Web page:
Chenmu Xing

Postdoctoral Fellow in Psychology

Judd Hall, 004
860-685-2514

cxing@wesleyan.edu

BA Shanghai International Studies
MA Columbia University
PHD Columbia University

Chenmu Xing

Chenmu (Julia) Xing is a cognitive and educational psychologist interested in mathematical and numerical cognition and development, and educational applications in this domain.

Dr. Xing’s research seeks to understand how children and adults process mathematical and numerical information in reasoning, learning, and problem solving activities, and ultimately, how to improve numerical ability and mathematical reasoning. This includes how semantic and visual content influences the abstraction of mathematical problem structures and the formulation of solutions; and how contexts influence judgments of quantitative information.

Dr. Xing is receiving postdoctoral training at the Cognitive Development Lab and the Reasoning and Decision Making Lab at Wesleyan University. Prior to this, Dr. Xing completed her Ph.D. in Cognitive Studies in Education and M.A. in Developmental Psychology at Teachers College, Columbia University.

Current research projects:

Child Numerical & Mathematical Ability Project (PI: Dr. H. Barth): This project examines the predictive roles of two numerical abilities (number line estimation; approximate number system) for children’s math ability at 6-8 and the relationship between the two numerical abilities to understand the key cognitive processes underlying the operation of these two important numerical abilities in relation to math outcomes.

Decision Making under Contexts Project (PI: Dr. A. Patalano): In decision making under risk, people are typically biased to overestimate small probabilities and underestimate large ones, a pattern similar to that found in many perceptual and symbolic quantitative judgment tasks in which people are found to reason about magnitudes in relative proportion to the given contexts. This project explores the possibility of a psychophysical proportional judgment model explanation for this bias pattern in decision making, by testing whether this may be influenced by probability contexts.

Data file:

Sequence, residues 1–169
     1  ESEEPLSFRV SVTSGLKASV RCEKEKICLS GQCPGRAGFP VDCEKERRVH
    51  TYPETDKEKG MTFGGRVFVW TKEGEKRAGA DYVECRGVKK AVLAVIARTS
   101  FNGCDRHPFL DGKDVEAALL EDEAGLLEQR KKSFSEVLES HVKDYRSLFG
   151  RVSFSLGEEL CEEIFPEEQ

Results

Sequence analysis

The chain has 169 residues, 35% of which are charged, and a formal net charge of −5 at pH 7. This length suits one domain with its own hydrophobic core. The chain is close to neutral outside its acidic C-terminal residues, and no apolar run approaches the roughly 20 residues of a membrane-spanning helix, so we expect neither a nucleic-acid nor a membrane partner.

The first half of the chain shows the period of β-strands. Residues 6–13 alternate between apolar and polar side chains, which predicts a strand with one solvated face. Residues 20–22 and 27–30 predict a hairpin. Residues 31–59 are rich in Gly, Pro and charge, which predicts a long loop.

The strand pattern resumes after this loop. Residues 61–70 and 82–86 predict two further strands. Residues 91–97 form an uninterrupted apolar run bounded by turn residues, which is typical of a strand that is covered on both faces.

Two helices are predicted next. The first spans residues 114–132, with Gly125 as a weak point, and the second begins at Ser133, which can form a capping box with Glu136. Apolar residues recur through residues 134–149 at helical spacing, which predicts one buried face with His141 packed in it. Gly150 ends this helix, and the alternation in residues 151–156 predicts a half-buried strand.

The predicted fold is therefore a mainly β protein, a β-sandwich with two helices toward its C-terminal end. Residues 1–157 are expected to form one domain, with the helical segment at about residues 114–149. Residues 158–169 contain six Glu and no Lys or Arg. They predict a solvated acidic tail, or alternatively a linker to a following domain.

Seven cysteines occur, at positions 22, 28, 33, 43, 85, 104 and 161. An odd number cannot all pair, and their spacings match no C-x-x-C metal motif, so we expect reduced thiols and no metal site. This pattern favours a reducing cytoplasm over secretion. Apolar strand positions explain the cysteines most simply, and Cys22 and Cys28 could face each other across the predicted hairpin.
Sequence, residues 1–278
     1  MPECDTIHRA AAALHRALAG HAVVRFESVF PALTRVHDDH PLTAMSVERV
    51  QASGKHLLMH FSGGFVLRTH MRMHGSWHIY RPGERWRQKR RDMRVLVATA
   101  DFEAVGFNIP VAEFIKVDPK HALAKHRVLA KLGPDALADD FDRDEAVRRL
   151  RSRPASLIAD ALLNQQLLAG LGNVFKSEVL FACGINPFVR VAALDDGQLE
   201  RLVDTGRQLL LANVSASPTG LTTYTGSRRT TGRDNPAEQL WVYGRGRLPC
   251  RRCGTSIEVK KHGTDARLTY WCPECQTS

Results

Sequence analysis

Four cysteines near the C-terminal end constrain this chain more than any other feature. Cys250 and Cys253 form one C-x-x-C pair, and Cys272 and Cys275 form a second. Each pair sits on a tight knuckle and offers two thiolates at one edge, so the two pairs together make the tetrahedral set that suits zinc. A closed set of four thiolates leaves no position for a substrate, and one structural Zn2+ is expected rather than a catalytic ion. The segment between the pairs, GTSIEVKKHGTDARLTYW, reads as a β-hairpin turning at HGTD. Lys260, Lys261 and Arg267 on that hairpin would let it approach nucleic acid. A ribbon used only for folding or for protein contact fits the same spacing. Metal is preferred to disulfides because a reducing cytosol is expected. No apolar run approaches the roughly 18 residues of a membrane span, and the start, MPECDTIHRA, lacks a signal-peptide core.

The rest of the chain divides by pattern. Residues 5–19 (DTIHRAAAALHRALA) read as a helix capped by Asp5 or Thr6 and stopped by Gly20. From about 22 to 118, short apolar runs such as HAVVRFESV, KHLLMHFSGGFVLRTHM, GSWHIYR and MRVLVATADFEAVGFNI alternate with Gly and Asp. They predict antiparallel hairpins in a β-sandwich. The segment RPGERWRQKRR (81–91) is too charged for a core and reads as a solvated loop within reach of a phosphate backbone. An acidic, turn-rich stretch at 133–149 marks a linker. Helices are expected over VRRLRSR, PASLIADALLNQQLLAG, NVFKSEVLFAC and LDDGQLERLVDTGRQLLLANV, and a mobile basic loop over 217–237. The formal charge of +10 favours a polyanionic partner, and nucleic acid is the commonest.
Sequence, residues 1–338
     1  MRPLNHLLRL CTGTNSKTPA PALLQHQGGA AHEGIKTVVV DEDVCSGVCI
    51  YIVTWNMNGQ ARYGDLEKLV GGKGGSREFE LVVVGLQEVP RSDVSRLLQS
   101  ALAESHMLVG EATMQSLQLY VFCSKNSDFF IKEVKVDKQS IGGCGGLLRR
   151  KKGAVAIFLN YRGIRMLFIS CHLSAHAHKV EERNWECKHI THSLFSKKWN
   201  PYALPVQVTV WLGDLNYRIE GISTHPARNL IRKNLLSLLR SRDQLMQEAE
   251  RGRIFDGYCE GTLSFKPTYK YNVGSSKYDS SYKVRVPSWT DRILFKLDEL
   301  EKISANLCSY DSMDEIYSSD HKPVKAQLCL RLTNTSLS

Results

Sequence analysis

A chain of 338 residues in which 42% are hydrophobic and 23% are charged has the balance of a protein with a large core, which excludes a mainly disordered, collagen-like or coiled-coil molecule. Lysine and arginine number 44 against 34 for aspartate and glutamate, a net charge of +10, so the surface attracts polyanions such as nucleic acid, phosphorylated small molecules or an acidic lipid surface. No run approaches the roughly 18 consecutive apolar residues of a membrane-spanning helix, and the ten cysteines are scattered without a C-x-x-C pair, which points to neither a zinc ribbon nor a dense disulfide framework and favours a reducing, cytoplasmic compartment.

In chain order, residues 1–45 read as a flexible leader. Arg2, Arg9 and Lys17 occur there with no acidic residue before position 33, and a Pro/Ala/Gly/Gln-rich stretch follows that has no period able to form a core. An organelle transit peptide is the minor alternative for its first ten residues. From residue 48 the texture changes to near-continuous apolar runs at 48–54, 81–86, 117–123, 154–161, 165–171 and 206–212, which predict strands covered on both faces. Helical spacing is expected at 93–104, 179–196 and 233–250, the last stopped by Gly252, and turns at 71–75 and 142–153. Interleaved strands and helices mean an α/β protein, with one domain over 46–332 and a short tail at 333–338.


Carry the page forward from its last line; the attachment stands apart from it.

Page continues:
Probability Problem Solving Project (PI: Dr. J. Corter): To understand the thinking process in math word problem solving, this project examines the content effect (semantic; visual) on the interpretation and abstraction of mathematical word problem structures by testing the hypothesis of analogical and relational mapping to match between the interpreted semantic, visual, and mathematical structures of mathematical word problems.

Publications & work in progress:

Xing, C., Corter, J. E., & Zahner, D. (2016). Diagrams affect choice of strategy in probability problem solving. In M. Jamnik, Y. Uesaka & S. Elzer Schwartz (Eds.), Lecture Notes in Computer Science (LNCS): Diagrammatic Representation and Inference (pp. 3-16). Heidelberg, Germany: Springer.

Xing, C., Corter, J. E., & Zahner, D. (in prep). Diagram type and level of representation affect strategy choice and solution accuracy in probability problem solving.

Xing, C., Corter, J. E., & Zahner, D. (in prep). The role of semantic schema in the categorization of probability word problems by experts and novices.

Xing, C., Zax, A., George, E., Taggart, J., Bass, I., & Barth, H. (in prep). Numerical estimation strategy and numerical acuity correlate with math ability in school-age children.

Xing, C., Paul, J., Zax, A., Cordes, S., Barth, H., & Patalano, A. L. (in prep). Probability-range effects on probability distortion in a gambling task.

Academic Affiliations

Office Hours

SPRING 2018: Mondays 10-11am; Tuesdays 10-11am (or by appointment)

Courses

Spring 2018
PSYC 200 - 01
Stats: Activity-Based Approach